ISLAMABAD (Reuters) – The top U.S. military officer, Admiral Mike Mullen, held talks with Pakistani leaders on Wednesday aiming to patch up ties strained by a flurry of U.S. strikes against militants in Pakistan.
Mullen said this month he was not convinced Western forces were winning in Afghanistan and he was “looking at a new, more comprehensive strategy” that would cover both sides of the border, including Pakistan’s tribal areas.
U.S. officials say Taliban and al Qaeda-linked fighters use ethnic Pashtun tribal regions on the Pakistani side of the border as a springboard for attacks into Afghanistan.
A new government in nuclear-armed Pakistan has committed itself to the U.S.-led campaign against Islamist militancy even though support for the United States is deeply unpopular.
But Islamabad objects to cross-border strikes and protested against a bloody helicopter-borne ground assault by U.S. commandos in South Waziristan this month. There have been five U.S. missile strikes this month, killing militants and civilians.
Dealers said the Pakistani rupee weakened to a record low of 77.20/30 to the dollar on Wednesday partly because of tension with the United States, a major source of financial help for Pakistan as it struggles with economic problems.
A U.S. embassy spokesman said Mullen wanted to improve coordination and cooperation with the Pakistani military.
“Admiral Mullen has worked to forge a closer relationship and he wants to continue the relationship building,” said the spokesman, Lou Fintor.
Pakistan’s army commander, General Ashfaq Kayani, said last week Pakistan’s territory would be defended at all cost and a military spokesman said on Tuesday aggression across the border would be confronted.
Asked about Pakistani anger over cross-border U.S. strikes, Fintor said Mullen “recognized the concerns expressed by General Kayani and desires to continue the dialogue.”
“The United States is committed to working with Pakistan to eliminate the safe havens,” he said.
Mullen met Kayani and was due to see Prime Minister Yousaf Raza Gilani and other officials.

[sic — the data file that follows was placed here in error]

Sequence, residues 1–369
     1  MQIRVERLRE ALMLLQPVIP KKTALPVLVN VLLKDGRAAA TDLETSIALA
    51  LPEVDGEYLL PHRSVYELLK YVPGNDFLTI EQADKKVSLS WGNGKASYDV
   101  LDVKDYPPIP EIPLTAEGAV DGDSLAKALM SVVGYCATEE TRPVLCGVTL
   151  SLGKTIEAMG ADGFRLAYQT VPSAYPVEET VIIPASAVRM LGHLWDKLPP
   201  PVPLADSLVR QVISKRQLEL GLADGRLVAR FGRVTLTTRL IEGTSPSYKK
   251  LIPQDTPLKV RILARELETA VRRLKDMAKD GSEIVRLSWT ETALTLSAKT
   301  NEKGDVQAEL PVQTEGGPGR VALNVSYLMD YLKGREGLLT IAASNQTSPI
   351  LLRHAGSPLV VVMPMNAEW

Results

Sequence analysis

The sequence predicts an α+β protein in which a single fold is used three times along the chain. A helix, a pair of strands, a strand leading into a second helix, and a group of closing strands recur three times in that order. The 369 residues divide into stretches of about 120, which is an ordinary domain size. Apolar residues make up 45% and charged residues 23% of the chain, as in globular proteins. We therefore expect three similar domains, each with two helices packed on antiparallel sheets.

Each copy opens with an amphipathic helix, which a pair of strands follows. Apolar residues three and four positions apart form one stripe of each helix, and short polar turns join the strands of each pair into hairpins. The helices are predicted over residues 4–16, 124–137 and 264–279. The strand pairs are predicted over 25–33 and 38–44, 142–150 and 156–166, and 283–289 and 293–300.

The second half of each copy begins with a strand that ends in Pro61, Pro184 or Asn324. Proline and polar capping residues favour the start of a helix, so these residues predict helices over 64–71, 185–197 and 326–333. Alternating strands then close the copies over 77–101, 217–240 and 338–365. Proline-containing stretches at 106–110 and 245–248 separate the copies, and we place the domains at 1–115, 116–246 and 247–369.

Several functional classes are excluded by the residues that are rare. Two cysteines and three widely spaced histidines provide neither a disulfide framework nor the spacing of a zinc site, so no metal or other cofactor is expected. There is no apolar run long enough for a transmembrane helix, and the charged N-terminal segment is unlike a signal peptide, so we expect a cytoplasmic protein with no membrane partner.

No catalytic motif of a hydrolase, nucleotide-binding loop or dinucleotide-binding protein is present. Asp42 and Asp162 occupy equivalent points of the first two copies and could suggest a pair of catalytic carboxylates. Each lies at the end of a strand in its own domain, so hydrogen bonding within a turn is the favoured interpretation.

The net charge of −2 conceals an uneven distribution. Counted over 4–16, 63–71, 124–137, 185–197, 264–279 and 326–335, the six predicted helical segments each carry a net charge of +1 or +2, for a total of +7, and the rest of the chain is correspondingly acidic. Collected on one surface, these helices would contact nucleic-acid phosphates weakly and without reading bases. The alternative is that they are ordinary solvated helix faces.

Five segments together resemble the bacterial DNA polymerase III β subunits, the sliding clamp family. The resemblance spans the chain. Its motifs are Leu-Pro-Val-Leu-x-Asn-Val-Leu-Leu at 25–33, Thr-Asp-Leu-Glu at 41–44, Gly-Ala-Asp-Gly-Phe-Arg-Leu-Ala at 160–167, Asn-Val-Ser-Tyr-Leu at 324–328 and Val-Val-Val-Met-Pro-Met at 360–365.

U.S. President George W. Bush approved the U.S. commando assault in South Waziristan on September 3 without Islamabad’s permission as part of a presidential order on covert operations, officials and sources familiar with the matter said.
But officials and analysts in Washington said the Bush administration was unlikely to use commando raids as a common tactic against militant havens in Pakistan because of the high-stake risks to U.S. policy in the region.
Any future raids must be approved on a mission-by-mission basis by a top U.S. administration official because of the political sensitivities involved and the calculated risk of U.S. troops being killed or captured on Pakistani soil, they said.
“This is extremely sensitive. You can’t have soldiers in the field, or even their commanders, making this kind of decision,” said one official, who spoke on condition of anonymity because the topic involves classified information.
Pakistani security officials said on Monday firing by Pakistani troops forced two U.S. military helicopters to turn back to Afghanistan after they crossed into Pakistani territory, although the U.S. and Pakistani militaries denied it.
Pakistan’s new president, Asif Ali Zardari, said in London on Tuesday he did not believe the United States would carry out more raids.
There have been no reports of anyone killed by U.S. incursions or missiles since Friday but pilotless drones have been prowling over militant sanctuaries on the Afghan border.
Villagers in both South and North Waziristan said drones were flying on Tuesday night. An intelligence official said a drone fired a missile after militants tried to shoot it down with an anti-aircraft gun. No casualties or damage were reported.